Holistic Video Understanding is a joint project of the KU Leuven, University of Bonn, KIT, ETH, and the HVU team.
In the last years, we have seen tremendous progress in the capabilities of computer systems to classify video clips taken from the Internet or to analyze human actions in videos. There are lots of works in video recognition field focusing on specific video understanding tasks, such as action recognition, scene understanding, etc. There have been great achievements in such tasks, however, there has not been enough attention toward the holistic video understanding task as a problem to be tackled. Current systems are expert in some specific fields of the general video understanding problem. However, for real-world applications, such as, analyzing multiple concepts of a video for video search engines and media monitoring systems or providing an appropriate definition of the surrounding environment of a humanoid robot, a combination of current state-of-the-art methods should be used. Therefore, in this workshop, we intend to introduce the holistic video understanding as a new challenge for the video understanding efforts. This challenge focuses on the recognition of scenes, objects, actions, attributes, and events in the real world user-generated videos. To be able to address such tasks, we also introduce our new dataset named Holistic Video Understanding~(HVU dataset) that is organized hierarchically in a semantic taxonomy of holistic video understanding. Almost all of the real-world conditioned video datasets are targeting human action or sport recognition. So our new dataset can help the vision community and bring more attention to bring more interesting solutions for holistic video understanding. The workshop is tailored to bringing together ideas around multi-label and multi-task recognition of different semantic concepts in the real world videos. And the research efforts can be tried on our new dataset.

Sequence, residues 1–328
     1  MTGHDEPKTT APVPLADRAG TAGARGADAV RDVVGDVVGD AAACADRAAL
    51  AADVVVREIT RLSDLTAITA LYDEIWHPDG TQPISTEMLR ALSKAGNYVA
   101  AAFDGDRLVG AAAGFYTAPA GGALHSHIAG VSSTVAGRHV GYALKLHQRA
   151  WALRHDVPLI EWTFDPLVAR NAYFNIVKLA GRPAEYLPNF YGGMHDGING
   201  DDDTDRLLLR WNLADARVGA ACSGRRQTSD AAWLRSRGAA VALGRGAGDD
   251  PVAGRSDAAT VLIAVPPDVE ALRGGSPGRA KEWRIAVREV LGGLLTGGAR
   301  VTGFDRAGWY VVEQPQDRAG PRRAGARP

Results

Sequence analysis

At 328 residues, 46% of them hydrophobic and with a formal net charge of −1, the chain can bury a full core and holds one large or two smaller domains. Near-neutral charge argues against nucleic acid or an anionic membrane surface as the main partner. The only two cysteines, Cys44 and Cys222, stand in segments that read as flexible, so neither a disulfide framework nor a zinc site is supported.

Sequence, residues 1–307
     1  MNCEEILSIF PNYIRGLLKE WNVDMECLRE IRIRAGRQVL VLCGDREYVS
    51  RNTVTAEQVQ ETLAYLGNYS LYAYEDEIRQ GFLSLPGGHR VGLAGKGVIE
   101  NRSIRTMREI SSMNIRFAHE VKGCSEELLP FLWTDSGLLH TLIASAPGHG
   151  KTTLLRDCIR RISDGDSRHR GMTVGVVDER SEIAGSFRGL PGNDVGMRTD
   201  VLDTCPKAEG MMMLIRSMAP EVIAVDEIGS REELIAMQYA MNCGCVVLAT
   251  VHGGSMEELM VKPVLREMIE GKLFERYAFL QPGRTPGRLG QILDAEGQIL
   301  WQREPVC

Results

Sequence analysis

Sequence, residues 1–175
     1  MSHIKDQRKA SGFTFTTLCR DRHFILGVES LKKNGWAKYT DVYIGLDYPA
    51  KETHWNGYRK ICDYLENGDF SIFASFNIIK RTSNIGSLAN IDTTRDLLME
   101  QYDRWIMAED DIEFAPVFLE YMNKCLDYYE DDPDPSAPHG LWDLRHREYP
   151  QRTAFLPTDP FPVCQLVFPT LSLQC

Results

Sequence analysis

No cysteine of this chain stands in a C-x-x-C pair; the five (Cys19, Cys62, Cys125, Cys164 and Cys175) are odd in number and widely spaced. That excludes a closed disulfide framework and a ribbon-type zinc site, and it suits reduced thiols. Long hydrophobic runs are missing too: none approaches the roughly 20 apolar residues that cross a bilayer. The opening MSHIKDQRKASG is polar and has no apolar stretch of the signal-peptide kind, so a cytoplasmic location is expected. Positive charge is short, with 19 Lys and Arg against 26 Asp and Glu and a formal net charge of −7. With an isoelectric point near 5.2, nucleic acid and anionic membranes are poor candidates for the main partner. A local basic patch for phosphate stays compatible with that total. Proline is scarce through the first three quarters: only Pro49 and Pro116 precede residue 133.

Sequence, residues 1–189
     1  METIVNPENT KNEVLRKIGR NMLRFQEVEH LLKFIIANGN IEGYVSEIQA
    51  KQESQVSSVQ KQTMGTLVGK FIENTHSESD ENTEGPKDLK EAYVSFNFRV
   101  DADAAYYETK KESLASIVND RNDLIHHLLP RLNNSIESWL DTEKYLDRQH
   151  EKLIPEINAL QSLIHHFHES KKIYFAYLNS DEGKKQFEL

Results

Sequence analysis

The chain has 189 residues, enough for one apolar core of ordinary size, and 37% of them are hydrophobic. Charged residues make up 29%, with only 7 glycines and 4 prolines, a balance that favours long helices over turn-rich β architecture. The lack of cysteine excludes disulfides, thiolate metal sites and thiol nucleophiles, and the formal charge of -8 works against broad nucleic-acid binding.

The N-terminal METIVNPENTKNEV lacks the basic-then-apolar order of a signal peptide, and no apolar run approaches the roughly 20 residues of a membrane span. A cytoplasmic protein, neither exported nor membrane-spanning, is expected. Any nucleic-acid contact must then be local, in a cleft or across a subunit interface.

The main objective of the workshop is to establish a video benchmark integrating joint recognition of all the semantic concepts, as a single class label per task is often not sufficient to describe the holistic content of a video. The planned panel discussion with world’s leading experts on this problem will be a fruitful input and source of ideas for all participants. Further, we invite the community to help to extend the HVU dataset that will spur research in video understanding as a comprehensive, multi-faceted problem. We as organizers expect to receive valuable feedback from users and from the community on how to improve the benchmark.